To foster play experiences for children in our care, we can offer plenty of free time and materials with which young children can try new things. We need to allow kids to be outdoors, let them ask questions, talk, sing, listen, read, explore and get messy.
Play and learn
We need to let them experiment. Also, we need to model a playful attitude and not be afraid to play with the kids and in front of them. We need to value play in early childhood and teach our parents the meaning and importance of play in their children’s lives. The play you support today prepares your children for the work, learning, and play they will have as adults.
The president of the American Association for the Child’s Right to Play and professor at Hofstra University, Dr. Rhonda Clements, says, “It is important to maintain a healthy sense of play throughout childhood and into adulthood.
Our complex society requires clear thinkers, playful attitudes, humor and creativity for complex problem-solving.”
When children enter the public school setting, they are not expected to be able to read a novel or do long division, but teachers are hoping children can be considerate, pay attention and concentrate, which comes through interacting with other children during play time.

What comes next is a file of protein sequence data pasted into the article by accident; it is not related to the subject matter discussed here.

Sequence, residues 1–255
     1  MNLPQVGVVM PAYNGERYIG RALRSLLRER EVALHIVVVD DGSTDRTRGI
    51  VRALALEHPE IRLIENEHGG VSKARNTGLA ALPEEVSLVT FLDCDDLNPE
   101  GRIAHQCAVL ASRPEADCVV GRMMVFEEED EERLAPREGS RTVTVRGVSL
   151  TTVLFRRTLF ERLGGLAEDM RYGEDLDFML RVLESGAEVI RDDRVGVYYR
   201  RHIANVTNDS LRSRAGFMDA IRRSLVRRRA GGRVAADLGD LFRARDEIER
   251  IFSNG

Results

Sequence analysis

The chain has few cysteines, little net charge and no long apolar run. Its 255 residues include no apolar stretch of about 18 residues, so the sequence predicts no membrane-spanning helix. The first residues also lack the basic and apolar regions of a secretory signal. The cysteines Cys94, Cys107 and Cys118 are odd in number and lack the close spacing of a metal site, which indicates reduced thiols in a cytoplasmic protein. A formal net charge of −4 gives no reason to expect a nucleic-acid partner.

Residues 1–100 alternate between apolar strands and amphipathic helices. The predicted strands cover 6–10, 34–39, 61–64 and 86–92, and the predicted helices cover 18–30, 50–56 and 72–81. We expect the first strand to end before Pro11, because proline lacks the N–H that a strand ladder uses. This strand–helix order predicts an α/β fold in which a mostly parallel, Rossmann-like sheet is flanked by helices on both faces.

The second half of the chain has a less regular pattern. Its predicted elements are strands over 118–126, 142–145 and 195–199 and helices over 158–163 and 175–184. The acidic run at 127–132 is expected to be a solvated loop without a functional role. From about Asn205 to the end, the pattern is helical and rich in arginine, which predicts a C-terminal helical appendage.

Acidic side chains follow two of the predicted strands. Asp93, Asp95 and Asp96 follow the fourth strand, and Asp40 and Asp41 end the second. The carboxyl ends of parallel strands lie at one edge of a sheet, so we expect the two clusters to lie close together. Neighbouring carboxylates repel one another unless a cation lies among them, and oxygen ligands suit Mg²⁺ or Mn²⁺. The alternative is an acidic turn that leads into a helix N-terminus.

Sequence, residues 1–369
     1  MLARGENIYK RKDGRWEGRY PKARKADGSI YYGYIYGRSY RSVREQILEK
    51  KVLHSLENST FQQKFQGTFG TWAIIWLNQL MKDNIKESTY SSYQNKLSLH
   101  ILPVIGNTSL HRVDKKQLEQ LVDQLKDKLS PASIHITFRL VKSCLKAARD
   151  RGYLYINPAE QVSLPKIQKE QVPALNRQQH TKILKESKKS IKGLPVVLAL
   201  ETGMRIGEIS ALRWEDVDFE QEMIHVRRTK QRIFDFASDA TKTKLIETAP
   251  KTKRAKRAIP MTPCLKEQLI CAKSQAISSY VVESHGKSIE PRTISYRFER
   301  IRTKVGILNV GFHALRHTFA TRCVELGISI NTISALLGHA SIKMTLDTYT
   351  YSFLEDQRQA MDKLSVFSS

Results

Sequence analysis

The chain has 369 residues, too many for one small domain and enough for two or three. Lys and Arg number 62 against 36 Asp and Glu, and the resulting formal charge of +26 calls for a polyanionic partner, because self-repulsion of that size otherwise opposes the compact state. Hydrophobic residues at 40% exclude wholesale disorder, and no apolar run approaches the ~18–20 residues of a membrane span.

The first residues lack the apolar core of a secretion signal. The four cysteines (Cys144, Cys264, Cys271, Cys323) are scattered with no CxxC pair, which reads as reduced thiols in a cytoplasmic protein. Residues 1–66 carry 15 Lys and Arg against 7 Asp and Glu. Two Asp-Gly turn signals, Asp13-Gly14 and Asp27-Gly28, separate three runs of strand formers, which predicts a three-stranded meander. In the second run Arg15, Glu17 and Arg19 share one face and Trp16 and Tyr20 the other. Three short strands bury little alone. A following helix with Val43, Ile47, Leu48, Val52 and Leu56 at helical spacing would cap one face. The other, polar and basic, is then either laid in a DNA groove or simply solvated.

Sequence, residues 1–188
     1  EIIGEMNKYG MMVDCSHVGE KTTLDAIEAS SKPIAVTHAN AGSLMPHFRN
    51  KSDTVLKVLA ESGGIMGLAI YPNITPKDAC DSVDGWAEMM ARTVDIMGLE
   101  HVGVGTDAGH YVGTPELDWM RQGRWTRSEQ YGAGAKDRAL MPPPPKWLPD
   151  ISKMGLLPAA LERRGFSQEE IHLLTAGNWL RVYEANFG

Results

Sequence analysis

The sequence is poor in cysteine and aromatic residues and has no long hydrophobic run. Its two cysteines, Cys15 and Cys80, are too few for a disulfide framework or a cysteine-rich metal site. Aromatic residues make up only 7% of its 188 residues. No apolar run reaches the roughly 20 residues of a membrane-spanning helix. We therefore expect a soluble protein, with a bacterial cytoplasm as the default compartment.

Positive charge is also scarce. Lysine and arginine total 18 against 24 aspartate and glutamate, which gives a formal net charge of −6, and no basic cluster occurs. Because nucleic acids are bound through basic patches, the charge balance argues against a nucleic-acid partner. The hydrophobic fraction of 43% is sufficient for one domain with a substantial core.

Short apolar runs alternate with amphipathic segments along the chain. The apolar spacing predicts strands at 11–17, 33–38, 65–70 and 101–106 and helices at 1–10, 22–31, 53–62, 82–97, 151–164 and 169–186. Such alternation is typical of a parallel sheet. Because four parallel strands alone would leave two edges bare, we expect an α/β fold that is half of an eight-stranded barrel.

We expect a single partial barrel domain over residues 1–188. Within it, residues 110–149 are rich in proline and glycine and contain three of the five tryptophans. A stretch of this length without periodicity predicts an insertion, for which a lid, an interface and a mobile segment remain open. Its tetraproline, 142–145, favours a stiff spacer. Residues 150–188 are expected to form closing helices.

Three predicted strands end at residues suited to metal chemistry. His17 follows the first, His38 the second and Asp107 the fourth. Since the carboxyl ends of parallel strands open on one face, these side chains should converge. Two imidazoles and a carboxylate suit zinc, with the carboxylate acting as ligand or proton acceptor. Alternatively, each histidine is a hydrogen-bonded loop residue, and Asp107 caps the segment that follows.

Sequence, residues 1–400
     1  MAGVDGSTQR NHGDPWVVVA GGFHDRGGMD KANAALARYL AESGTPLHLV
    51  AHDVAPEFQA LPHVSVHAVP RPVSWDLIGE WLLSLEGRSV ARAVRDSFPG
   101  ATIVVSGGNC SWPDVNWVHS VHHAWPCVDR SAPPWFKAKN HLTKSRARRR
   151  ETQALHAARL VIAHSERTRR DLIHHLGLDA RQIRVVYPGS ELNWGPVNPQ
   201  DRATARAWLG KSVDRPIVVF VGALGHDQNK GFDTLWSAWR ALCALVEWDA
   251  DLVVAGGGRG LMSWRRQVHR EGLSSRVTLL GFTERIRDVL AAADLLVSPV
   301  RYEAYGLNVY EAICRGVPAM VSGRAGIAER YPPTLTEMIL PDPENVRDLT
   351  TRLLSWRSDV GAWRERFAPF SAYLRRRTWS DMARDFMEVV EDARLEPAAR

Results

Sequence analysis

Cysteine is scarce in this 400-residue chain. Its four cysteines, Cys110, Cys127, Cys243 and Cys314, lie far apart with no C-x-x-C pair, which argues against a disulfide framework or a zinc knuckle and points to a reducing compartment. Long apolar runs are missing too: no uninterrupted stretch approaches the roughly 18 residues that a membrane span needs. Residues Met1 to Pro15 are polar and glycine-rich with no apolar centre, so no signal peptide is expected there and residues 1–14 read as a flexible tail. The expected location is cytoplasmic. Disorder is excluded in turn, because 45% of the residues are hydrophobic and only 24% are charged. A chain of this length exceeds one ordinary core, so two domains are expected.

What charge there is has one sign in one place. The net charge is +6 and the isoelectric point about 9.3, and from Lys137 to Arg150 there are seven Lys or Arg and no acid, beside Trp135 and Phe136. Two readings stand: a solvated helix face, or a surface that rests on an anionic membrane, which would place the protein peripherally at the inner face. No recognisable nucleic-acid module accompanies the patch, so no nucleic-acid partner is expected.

If children enter school with these skills, they will be able to learn productively as will the other children in their classroom because disruptions and struggles will be at a minimum.
The importance of play in early childhood education
Play in today’s society is thwarted by TV, computers and video games as well as being overscheduled with activities day after day. There is a decreasing opportunity for play with neighborhood children and even siblings due to the current culture of busyness and lack of time outdoors.
Adult-directed activities have value, but when children are so overscheduled with them that they don’t have a chance to play, it can stunt their opportunity to experience multi-age play settings, which are important to developing skills children desperately need.